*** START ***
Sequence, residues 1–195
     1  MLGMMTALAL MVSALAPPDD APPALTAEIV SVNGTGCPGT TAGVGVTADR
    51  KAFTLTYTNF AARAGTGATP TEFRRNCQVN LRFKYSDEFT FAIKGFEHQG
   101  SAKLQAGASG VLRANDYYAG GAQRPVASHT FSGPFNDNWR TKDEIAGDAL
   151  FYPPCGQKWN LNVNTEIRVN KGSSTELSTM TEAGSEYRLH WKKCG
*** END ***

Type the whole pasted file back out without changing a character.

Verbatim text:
Sequence, residues 1–195
     1  MLGMMTALAL MVSALAPPDD APPALTAEIV SVNGTGCPGT TAGVGVTADR
    51  KAFTLTYTNF AARAGTGATP TEFRRNCQVN LRFKYSDEFT FAIKGFEHQG
   101  SAKLQAGASG VLRANDYYAG GAQRPVASHT FSGPFNDNWR TKDEIAGDAL
   151  FYPPCGQKWN LNVNTEIRVN KGSSTELSTM TEAGSEYRLH WKKCG